Cause of Death Released for SD County Firefighter Killed Battling Thomas Fire - NBC Southern California

Cause of Death Released for SD County Firefighter Killed Battling Thomas Fire

Cal Fire Engineer Cory Iverson and his wife were expecting their second child in the months ahead

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    NEWSLETTERS

    Local Firefighter's Cause of Death Revealed

    Iverson died of burns and smoke inhalation, according to the Ventura County medical examiner's office. NBC 7's Alex Presha reports.

    (Published Saturday, Dec. 16, 2017)

    A San Diego County firefighter died of smoke inhalation and thermal injuries while battling the massive Thomas Fire in Ventura and Santa Barbara counties, a medical examiner determined Saturday. 

    Cal Fire Engineer Cory Iverson, 32, of Escondido was part of a strike team made up of five engines with Cal Fire San Diego that were in an active area of the Thomas Fire in Fillmore, California when an accident occurred at about 9:30 a.m. Thursday. 

    Iverson was killed in the accident. The Ventura County Medical Examiner's Office said Saturday Iverson died of thermal injuries and smoke inhalation. 

    Cal Fire said they are conducting an investigation into the incident, which will provide insight into the circumstances surrounding the death. 

    A procession will be held Sunday starting at 10 a.m., transporting Iverson's remains from Ventura County across several Los Angeles and San Bernardino county freeways before entering San Diego County via southbound Interstate 15 at about 1:20 p.m.

    The procession will continue to travel along I-15, passing SR-78 at about 1:45 p.m. and Camino Del Norte at about 1:50 p.m. before exiting at Miramar Road at 2 p.m.

    Iverson's remains are expected to arrive at El Camino Memorial Park on Carroll Canyon Road at 2:12 p.m.

    A memorial service will be held for Iverson at The Rock Church on Rosecrans Street in Point Loma next Saturday at 10 a.m.

    Iverson leaves behind his wife, Ashley and their two-year-old daughter. The couple was expecting their second child in May. 

    Those who knew Iverson said the top priority right now is to take care of his family. Online fundraising efforts are underway to do just that.

    An online fundraising page was created by a close friend and co-worker of Iverson’s widow to assist the family with funeral costs and other expenses they may have. In it's first few hours live, the page had already raised $20,000 for the Iversons.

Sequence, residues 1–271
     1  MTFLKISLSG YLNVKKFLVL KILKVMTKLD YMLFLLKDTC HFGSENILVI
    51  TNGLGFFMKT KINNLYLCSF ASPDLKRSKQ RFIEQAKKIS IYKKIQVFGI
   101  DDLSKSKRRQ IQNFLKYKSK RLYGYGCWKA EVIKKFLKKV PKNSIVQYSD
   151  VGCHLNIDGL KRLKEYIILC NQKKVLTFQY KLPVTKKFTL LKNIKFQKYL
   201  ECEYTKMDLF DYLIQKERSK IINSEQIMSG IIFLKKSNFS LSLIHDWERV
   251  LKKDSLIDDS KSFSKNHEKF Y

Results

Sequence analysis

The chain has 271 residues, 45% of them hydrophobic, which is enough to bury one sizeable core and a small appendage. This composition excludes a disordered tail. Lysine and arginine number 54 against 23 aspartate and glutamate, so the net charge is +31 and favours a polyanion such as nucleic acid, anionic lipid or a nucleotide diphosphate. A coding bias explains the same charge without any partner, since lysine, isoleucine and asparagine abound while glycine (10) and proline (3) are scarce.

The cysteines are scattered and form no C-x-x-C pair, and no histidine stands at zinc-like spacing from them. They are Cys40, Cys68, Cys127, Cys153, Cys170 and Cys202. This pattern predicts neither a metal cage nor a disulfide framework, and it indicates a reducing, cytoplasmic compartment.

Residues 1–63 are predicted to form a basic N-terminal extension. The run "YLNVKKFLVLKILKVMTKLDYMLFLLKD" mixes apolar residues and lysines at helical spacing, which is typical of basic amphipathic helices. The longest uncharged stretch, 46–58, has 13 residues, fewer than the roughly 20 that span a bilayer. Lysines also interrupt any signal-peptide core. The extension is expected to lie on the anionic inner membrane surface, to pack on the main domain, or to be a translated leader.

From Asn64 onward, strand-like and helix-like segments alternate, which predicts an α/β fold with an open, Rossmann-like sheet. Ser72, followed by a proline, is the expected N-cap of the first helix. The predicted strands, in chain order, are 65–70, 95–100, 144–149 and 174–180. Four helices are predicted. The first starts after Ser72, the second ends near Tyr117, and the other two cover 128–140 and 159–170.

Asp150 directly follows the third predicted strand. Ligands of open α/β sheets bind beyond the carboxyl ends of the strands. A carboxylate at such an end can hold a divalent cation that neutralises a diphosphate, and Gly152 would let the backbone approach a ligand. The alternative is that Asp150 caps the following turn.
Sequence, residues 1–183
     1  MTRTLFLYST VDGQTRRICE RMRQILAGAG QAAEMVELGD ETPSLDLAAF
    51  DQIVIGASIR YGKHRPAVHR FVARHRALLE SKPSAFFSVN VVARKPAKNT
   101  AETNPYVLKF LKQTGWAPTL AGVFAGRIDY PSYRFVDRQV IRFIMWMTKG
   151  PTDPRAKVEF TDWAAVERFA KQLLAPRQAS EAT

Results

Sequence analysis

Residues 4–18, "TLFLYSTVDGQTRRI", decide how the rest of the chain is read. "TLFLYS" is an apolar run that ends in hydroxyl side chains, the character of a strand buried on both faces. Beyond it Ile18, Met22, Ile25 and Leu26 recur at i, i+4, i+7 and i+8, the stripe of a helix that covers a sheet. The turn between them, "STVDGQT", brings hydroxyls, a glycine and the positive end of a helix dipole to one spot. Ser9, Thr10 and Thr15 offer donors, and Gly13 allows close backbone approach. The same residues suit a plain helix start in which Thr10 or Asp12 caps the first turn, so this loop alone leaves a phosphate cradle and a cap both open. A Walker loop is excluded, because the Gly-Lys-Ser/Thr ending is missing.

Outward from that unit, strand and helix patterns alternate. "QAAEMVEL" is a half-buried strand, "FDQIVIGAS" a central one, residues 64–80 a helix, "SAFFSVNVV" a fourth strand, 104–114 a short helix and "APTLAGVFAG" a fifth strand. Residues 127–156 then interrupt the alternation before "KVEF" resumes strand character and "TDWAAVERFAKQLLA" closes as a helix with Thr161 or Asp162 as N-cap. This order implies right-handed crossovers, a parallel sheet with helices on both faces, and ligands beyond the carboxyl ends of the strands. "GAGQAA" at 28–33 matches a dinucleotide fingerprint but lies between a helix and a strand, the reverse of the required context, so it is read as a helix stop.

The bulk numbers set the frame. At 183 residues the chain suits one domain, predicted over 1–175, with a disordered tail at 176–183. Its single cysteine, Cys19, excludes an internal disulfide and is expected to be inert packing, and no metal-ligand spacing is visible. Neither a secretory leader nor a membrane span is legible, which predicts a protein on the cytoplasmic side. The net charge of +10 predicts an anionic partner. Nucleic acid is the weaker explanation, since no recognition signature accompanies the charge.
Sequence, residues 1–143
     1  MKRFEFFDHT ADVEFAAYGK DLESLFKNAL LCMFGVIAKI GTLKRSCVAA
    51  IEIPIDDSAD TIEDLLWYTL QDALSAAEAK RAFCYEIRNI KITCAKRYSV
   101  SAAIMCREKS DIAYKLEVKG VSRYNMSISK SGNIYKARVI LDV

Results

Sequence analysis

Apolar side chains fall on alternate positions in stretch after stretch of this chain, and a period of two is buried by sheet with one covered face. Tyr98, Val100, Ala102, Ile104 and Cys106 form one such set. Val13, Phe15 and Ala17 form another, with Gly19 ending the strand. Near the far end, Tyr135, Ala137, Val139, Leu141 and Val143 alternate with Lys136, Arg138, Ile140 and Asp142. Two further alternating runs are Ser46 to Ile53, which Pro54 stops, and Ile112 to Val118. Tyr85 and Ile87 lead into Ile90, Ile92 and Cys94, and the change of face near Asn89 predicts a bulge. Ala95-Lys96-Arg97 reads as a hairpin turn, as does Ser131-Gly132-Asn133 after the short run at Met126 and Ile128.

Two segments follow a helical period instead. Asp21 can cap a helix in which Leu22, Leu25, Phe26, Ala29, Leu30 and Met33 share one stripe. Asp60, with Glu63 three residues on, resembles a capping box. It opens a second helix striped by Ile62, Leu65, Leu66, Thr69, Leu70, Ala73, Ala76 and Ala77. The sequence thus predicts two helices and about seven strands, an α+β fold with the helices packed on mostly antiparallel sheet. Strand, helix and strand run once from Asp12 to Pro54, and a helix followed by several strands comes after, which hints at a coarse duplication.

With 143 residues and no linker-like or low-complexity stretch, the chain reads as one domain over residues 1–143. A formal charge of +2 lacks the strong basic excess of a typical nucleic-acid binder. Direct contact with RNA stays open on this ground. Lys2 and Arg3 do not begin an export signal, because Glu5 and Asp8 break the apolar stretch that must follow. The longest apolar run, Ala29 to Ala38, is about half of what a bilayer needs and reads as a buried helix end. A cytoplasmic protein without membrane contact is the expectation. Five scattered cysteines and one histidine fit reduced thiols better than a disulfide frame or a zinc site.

By Saturday afternoon, the page was nearing $300,000.

    Cal Fire San Diego County Firefighters Benevolent Fund has also set up a donation page for Iverson’s family. Donations can be made here

    Iverson's remains were taken in a procession to the coroner's office Friday. Along the way, firefighters stood in salute on a freeway overpass and on top of fire department vehicles lining the side of a street. 

    The 32-year-old had spent most of his life fighting fires. Iverson was an eight-year veteran of Cal Fire and had previously spent seven years with Harmony Grove Fire Department. 

    Iverson’s friends and co-workers said they’re heartbroken over his death.

    “I can only imagine the pain that his family and his are going through,” said Cal Fire Capt. John Heggie. “My heart’s shattered knowing what happened to him and knowing what his family is going through.”

    They described him as a model firefighter and happy man who was always in a good mood, whether he was at the fire station on or the lines.

    “To put it bluntly, he’s the kind of man you’d want your daughter to marry and the type of fireman you’d want your son to grow up to be,” Heggie added.

    Following Iverson’s death, 17 San Diego-based firefighters with Cal Fire were taken off the Thomas Fire lines so they could return home to grieve the death of their colleague.

    The death is the second attributed to the fire, which was in its 12th day of burning Saturday and spanned both Santa Barbara and Ventura counties. 

    The blaze had exploded to 259,000 acres, surpassing the 2007 Zaca fire to become the state's fourth-largest wildfire on record. 

    Cal Fire estimated firefighting costs were nearing $104 million. 

    Firefighters had the blaze 40 percent contained with full containment expected Jan. 7, 2018.